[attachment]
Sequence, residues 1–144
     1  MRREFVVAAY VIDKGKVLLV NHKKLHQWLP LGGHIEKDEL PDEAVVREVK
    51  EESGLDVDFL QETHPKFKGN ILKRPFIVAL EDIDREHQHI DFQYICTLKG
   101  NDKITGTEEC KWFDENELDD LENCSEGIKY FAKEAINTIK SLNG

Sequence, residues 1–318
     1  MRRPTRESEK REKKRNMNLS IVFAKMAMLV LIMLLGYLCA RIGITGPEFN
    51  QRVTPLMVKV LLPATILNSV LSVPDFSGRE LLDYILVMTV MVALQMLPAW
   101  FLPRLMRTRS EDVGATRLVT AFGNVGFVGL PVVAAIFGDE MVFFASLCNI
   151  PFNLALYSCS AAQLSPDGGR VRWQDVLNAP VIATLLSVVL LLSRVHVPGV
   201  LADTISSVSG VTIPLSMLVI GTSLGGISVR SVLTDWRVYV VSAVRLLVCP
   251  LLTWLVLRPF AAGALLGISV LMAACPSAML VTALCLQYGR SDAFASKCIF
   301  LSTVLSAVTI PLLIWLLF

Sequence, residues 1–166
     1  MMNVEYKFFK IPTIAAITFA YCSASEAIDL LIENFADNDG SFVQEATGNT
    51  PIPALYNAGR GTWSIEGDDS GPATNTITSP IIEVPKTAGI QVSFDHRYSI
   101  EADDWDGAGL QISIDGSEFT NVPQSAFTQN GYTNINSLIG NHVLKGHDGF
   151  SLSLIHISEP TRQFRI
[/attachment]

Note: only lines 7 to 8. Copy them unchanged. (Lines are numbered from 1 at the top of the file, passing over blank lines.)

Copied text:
    51  QRVTPLMVKV LLPATILNSV LSVPDFSGRE LLDYILVMTV MVALQMLPAW
   101  FLPRLMRTRS EDVGATRLVT AFGNVGFVGL PVVAAIFGDE MVFFASLCNI